In a recent review in the New York Review of Books of four books on the prospects of using CRISPR and related gene modification technologies for the improvement of human biology (“Editing Humanity’s Future”; April 29), including Walter Isaacson’s paean to Jennifer Doudna, the biotechnology editor and writer Natalie de Souza addresses the safety of such manipulations as a fundamental requirement for moving forward with human applications.
All the books under review… accept the baseless premise propounded by many CRISPR researchers that gene modification of embryos can be done safely, as does the reviewer herself. “[I]n ten years or so, we will probably meet the minimum conditions of safety and predictability for editing out single-gene diseases,” de Souza writes, and there is no indication that any of the authors disagrees.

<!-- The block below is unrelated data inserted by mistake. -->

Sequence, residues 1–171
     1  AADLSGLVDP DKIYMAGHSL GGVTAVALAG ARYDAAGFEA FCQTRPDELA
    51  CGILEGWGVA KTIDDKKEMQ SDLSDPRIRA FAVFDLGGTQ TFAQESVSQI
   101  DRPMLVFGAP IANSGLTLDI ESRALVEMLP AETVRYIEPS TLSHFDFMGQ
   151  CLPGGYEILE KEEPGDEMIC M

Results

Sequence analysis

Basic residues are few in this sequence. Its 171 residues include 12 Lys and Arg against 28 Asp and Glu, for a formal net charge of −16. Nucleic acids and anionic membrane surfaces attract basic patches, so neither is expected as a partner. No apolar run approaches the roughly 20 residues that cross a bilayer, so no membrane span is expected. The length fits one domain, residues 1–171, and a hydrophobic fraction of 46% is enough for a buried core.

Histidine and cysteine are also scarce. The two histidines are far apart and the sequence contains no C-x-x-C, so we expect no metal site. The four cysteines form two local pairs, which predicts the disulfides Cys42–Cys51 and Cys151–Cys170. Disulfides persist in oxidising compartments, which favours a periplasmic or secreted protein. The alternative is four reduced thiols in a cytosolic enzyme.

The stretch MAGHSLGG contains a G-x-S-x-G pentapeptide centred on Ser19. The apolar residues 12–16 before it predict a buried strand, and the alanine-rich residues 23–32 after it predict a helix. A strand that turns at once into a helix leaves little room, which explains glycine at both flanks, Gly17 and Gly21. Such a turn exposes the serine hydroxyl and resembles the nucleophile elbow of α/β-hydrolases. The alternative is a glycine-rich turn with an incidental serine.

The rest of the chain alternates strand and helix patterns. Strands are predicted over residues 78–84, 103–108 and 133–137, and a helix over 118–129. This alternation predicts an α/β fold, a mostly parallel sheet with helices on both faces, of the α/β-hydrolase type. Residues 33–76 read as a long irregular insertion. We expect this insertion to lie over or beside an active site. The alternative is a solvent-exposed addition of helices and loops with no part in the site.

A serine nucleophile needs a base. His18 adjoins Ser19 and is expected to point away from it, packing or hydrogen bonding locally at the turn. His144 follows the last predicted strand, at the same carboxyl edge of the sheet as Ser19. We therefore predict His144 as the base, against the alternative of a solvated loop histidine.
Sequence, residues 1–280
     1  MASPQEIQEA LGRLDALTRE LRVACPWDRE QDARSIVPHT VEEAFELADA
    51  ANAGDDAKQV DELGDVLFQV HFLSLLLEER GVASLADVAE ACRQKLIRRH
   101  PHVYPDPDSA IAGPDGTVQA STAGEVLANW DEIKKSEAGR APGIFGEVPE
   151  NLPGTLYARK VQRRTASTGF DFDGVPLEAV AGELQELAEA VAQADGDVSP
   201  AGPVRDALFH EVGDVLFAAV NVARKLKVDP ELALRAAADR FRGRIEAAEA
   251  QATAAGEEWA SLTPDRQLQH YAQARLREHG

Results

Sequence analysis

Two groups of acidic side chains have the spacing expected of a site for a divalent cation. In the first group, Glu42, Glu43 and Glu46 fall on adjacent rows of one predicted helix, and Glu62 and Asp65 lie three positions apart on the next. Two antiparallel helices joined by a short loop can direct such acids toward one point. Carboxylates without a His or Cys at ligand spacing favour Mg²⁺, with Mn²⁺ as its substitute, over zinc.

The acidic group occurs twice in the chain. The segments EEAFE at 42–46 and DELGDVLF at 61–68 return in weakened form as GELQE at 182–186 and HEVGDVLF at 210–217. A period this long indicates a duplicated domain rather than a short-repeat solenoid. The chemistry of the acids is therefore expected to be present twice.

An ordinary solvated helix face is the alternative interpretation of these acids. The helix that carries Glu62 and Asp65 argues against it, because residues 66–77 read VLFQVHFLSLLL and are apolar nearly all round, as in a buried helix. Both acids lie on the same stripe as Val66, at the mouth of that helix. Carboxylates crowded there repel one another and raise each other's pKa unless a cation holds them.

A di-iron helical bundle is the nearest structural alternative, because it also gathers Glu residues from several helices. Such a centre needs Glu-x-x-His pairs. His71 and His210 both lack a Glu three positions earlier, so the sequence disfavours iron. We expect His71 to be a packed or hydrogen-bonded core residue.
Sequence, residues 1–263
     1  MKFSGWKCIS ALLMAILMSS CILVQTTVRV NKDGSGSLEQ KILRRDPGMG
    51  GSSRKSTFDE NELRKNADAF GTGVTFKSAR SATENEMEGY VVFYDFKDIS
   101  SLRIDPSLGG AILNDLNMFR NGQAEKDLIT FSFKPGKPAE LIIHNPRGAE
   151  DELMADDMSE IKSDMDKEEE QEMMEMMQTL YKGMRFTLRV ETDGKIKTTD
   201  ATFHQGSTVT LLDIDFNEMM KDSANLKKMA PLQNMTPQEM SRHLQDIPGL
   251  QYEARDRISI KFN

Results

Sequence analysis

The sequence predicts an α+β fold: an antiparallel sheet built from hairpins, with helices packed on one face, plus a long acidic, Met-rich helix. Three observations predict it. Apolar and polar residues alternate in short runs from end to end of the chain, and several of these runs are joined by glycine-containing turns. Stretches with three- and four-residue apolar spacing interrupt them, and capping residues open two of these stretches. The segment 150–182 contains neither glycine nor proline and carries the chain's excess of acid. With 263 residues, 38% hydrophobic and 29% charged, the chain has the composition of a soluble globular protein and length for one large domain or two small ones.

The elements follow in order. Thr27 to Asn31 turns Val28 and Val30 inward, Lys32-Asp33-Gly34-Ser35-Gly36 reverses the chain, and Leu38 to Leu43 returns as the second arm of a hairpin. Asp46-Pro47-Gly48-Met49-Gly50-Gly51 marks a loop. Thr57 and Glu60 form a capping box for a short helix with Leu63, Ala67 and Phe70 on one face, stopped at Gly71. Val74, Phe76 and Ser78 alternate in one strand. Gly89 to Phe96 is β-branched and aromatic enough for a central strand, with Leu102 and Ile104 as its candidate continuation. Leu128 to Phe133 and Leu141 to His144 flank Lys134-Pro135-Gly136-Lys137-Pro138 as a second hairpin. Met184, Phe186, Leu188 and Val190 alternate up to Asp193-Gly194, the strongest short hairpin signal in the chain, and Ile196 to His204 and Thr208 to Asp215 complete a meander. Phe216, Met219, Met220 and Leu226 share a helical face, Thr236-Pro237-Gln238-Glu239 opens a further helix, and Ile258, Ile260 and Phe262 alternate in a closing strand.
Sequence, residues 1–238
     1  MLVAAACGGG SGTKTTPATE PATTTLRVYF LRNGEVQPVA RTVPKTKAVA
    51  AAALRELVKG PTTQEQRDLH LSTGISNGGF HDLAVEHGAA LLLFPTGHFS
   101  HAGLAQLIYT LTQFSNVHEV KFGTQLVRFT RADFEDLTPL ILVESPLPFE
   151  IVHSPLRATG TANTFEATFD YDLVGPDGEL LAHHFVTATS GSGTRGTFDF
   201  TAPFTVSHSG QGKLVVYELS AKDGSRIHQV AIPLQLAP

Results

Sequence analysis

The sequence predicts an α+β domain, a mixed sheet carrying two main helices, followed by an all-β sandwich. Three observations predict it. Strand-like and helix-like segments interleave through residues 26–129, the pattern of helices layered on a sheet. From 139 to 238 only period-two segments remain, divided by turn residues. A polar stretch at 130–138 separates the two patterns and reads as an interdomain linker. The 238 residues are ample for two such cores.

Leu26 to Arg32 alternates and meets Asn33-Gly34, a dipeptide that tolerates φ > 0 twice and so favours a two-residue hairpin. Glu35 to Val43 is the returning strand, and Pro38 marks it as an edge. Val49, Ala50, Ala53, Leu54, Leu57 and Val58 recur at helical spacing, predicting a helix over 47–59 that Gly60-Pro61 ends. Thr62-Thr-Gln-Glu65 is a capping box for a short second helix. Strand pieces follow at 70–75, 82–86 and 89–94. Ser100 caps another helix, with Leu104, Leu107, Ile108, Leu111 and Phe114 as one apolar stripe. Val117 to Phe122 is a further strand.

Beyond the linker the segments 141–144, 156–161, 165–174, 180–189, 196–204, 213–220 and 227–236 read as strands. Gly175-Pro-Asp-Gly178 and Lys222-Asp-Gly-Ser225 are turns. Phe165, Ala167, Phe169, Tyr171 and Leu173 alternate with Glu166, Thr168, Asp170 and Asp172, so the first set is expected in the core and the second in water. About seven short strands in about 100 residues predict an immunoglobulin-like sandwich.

But the science of developmental biology (which is different from the microbial and biochemical sciences that came up with CRISPR technology) has shown again and again that embryos simply cannot be reliably engineered. The confusions and misinformation that inevitably accompany the manufactured need for these questionable procedures is not allayed by the futuristic pondering in the books discussed in the NYRB piece, which offer nothing to help the buyer to beware in what the reviewer unskeptically calls the “genetic supermarket.”